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Catalysts. That is what he called it. The events that kick off a snowballing chain that lets you know that you have done the right thing. His voice was deep and smooth, aesthetically pleasing to my ears. They come in all shapes and sizes, he embellished. We were sitting in the corner booth of one of those all-night joints. I knew I'd regret the food the next day but I ate it anyway. I let my tongue fidget against the roof of my mouth as both a way of inspecting the new burns there from the horrible coffee and as a way of distracting my mind long enough before it made my hands do similar nervous fidgeting.
He said, there are two things that happen that let you know moving on was the right choice. I could feel the words move across the table, then into my ears, resonating my ear drums. For a second it was like being under water, suspended there in that moment. My eyes watched him closely as he pulled his notebook towards him, flipping to a blank page. His hands instinctively took a ball-point pen across the paper in patterns making sense to him. I was trying to figure out how he could make his hands do that with the ink but the words kept coming, they kept moving. I could feel them. Catalysts. Yes. Synapse after synapse down the spinal cord and suddenly his smooth voice bellowing out words I needed to hear.
The first is that you end up happy. You do something for yourself that you would not have done otherwise. You take a trip. Make a move. Find a new job, a new place, a new person to call home. This is the easy part.
The second is much harder, and slower to come to fruition in your mind because you don't get to watch it. She ends up happy. She blooms in a way that you finally understand that you were poisoning the soil all the time. You didn't know it. You had no idea you were so virulent. But you see her there, wearing a smile that you did not even know she owned. You catch her radiating and you cannot help but appreciate it for everything it means to her. It hurts like holding your paper-cut hand in a bowl of saltwater. It stings and then it cools; it softens; it heals.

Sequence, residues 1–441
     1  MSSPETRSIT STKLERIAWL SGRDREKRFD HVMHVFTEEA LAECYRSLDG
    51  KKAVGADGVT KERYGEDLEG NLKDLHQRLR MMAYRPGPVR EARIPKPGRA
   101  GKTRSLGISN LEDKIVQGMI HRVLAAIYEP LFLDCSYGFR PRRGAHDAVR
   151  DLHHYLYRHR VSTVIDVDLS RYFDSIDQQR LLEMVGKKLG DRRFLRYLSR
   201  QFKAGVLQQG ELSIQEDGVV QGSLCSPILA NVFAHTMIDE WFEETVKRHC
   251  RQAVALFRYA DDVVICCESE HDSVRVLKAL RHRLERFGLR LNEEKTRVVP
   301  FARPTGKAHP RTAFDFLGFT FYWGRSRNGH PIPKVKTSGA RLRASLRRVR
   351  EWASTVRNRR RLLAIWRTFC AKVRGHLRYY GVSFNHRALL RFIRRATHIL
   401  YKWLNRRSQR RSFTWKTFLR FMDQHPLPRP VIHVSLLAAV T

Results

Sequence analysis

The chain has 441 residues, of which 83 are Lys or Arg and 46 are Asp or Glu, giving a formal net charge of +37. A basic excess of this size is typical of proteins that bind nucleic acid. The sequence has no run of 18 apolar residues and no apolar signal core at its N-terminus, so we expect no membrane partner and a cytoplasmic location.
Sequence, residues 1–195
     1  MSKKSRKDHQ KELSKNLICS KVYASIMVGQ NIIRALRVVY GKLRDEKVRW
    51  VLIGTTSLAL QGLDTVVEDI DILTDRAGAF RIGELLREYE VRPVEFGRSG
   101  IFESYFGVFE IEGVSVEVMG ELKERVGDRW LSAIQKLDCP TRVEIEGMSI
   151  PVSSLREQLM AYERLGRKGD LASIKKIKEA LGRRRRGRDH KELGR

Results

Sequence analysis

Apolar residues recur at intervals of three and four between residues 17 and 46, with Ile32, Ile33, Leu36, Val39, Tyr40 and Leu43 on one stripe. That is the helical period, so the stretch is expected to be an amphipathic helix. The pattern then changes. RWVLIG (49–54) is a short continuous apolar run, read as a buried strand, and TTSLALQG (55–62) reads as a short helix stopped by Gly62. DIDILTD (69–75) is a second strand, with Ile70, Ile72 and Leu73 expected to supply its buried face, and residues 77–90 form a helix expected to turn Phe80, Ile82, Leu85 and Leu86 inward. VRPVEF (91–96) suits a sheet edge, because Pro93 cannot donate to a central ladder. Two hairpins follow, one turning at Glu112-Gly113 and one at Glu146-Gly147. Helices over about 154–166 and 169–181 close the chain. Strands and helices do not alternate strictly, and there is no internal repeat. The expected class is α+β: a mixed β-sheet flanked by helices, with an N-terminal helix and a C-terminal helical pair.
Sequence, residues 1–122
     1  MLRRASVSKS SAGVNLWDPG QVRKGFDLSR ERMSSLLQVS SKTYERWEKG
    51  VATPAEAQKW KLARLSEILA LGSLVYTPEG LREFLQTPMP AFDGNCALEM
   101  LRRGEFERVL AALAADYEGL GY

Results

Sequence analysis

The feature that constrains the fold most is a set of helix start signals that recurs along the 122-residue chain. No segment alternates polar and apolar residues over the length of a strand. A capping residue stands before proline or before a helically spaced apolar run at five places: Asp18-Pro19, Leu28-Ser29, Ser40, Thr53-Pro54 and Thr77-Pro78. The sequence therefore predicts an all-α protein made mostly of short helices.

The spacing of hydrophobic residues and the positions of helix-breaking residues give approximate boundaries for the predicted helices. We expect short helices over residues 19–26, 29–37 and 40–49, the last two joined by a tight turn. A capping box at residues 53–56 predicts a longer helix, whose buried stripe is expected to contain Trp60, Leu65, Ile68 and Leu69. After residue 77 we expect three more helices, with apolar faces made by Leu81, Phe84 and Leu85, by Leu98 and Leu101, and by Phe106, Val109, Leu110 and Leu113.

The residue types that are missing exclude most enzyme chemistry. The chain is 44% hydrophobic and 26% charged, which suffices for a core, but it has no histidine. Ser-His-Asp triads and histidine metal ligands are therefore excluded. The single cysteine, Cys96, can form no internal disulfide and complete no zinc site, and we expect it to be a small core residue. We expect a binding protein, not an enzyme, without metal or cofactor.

You forgive her for all of her wrongs. You forgive yourself too.
You can let her go. You can say, beautiful woman, you have been hiding things, or building them, I am not quite certain. They are wonderful.
I am happy for you.
And you can mean it.
Like most times in my life when someone hits the nail on the head before I even knew they were going to swing the hammer, I didn't know how to respond. I said, I know, not because I knew, but because I had no other thought to put there. I watched his hands, finishing a sketch of me, sitting across from him, head hung and eyes low. He sketched my hands mindlessly stirring the spoon in my coffee cup. It was black. It didn't need stirred. I couldn't help myself. He knew it, so he drew it. He read me like a book with blank pages and tried to do what he could to fill some of them in. I politely excused myself via a make-believe text message, before the ink could dry. Catalysts. Yeah. He meant well, but I have to make it happen for myself.
I stole the title of this node from Buddy Wakefield's poem "Hurling Crowbirds at Mockingbars" which he wrote on my birthday in 2010 but Buddy says he stole the line from Reverend Kathianne Lewis, who was actually quoting Alexa Young. We all got there how we may.